VFX WFH WTH
Post-production in the lockdown
These days I wake up in the morning, go part of the way through my morning routine (which entails me getting my hair and face looking presentable and at least putting on a decent shirt) before sitting down at my desk for the first of many video conferences. Lately, though, I’ve been skipping the hair and face part, even, and during my latest video conference, I found myself looking at my image and noticed that my shirt choice was looking questionable at best. I have slipped from totally buttoned up, ready-for-client-reviews presentability to looking like I have arrived from a month-long sojourn in the woods. I may even smell like it, but thank god for video only entertaining 2 of our 5 senses.
Who cares how you smell from home so long as the work is getting done?
Working on set or in the moshpit with all the animators and compositors, I rely on body language to help convey direction; I wave my hands a lot. We built our studio and based it out of Seattle, which services the entertainment industry, and most of our clients are everywhere but here. This forced us to work remotely from the beginning, both with our clients and specialist team members. Part of the accommodations for this remote style of working has required me to develop new ways to convey motion, whether through sound or description (special thanks to the comic book industry and Wile E. Coyote for providing me with the relative vernacular required). We also use video conferencing so people can witness my relentless arm waving or so I can point to or highlight elements on my screen. Coupled with the ability to drive workstations remotely and secure VPN access to our servers, our workflow has been able to keep pace with the new and ever-changing Covid-19 WFH mandates.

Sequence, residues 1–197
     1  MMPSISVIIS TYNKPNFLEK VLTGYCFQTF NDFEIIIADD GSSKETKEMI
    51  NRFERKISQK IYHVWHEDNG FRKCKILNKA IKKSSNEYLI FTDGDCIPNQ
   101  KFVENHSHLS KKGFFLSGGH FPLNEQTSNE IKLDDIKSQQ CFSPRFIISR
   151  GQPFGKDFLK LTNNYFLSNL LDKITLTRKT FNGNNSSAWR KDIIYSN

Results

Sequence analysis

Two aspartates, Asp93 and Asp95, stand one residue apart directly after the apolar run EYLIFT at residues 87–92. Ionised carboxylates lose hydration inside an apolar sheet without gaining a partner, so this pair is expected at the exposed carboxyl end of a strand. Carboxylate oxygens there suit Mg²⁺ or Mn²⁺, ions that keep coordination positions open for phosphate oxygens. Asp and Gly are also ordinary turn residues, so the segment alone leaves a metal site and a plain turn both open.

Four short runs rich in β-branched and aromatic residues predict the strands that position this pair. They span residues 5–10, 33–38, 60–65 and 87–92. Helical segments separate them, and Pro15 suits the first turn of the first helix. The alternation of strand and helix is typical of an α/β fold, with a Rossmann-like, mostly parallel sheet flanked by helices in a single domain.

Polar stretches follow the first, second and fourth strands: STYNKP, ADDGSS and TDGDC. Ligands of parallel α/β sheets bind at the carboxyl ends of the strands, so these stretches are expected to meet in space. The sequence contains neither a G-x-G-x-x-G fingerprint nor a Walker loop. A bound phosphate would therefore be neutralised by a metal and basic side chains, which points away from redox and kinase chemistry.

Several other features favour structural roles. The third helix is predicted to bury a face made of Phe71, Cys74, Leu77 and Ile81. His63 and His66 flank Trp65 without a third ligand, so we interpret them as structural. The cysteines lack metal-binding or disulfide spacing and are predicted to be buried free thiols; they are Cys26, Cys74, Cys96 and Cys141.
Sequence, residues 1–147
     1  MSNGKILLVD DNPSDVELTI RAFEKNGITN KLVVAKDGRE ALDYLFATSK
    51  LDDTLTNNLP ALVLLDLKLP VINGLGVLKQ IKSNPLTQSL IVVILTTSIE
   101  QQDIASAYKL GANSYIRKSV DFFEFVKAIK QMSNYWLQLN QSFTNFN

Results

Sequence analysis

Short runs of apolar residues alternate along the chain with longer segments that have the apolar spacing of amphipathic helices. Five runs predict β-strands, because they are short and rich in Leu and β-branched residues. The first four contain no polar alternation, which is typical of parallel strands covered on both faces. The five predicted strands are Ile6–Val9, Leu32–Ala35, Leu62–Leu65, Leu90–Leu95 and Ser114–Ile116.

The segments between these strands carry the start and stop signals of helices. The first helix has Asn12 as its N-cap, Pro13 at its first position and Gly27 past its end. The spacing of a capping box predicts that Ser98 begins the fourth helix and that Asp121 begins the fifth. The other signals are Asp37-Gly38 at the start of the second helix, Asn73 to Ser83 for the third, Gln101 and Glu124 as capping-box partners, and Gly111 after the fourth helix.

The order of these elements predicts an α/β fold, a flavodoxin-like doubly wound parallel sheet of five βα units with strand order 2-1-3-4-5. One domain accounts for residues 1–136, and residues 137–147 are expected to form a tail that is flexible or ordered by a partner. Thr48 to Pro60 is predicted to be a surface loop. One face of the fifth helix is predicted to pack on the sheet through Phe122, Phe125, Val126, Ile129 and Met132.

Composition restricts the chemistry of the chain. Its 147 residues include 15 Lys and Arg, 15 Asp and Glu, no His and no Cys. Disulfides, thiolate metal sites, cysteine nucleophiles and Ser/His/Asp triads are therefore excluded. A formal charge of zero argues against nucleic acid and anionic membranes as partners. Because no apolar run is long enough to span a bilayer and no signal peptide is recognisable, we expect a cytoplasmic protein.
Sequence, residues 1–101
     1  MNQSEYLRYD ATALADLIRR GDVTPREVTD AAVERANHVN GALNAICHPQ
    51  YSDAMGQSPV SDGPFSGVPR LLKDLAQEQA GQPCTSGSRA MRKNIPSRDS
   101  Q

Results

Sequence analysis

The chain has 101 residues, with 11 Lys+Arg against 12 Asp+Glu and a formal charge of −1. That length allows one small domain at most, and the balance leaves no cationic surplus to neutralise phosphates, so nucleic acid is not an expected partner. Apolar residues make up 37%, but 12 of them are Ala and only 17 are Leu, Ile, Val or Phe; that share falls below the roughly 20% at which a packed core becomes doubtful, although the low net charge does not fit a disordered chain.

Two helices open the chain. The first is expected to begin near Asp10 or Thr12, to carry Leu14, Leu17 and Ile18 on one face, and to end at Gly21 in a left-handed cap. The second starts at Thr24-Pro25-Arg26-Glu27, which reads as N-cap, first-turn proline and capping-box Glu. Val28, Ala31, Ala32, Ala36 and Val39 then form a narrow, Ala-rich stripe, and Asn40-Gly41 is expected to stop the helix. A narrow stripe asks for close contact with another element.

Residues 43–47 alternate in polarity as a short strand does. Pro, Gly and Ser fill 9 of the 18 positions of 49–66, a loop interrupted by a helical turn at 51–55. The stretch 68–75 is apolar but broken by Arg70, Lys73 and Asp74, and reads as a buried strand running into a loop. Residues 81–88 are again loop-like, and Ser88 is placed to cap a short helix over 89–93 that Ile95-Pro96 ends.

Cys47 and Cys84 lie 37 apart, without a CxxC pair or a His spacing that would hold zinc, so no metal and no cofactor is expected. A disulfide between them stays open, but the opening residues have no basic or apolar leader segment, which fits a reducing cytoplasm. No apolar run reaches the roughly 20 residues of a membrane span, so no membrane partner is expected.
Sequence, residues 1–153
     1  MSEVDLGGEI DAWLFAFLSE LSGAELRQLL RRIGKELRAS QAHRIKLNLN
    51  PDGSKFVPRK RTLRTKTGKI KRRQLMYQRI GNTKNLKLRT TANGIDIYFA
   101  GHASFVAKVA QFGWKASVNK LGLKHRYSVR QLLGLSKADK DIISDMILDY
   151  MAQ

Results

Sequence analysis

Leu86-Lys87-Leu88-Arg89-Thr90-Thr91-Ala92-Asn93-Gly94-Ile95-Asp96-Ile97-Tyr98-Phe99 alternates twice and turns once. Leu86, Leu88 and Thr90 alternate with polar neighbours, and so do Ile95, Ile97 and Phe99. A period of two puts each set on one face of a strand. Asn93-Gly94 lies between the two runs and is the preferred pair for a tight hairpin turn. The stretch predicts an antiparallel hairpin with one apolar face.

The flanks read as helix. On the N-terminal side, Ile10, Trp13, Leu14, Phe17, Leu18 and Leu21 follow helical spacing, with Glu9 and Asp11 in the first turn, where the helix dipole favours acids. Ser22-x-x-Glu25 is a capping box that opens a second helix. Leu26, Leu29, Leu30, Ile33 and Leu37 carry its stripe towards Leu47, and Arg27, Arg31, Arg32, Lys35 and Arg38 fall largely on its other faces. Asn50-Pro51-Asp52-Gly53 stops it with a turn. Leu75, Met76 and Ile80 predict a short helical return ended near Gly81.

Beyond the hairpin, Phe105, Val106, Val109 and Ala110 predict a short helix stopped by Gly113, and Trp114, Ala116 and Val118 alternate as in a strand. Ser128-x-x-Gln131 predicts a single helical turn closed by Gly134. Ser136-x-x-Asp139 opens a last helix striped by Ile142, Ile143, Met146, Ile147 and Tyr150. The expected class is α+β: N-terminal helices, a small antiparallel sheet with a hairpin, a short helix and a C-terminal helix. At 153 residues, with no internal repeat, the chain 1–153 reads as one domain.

But man, it was so much faster to just get everyone in the same room for our morning standups. What used to be a 1-hour meeting to get through all of our projects has turned into a non-stop series of team video conference sessions that usually occupies the better part of my mornings. The technology allowing us to telecommute and work remotely has literally been a lifesaver, though. While it provides us with the ability to remain functioning through this pandemic, I still prefer being in a room full of people. Not only from efficiency and water-cooler culture standpoints but also because it requires I change out of my pajamas and take showers daily.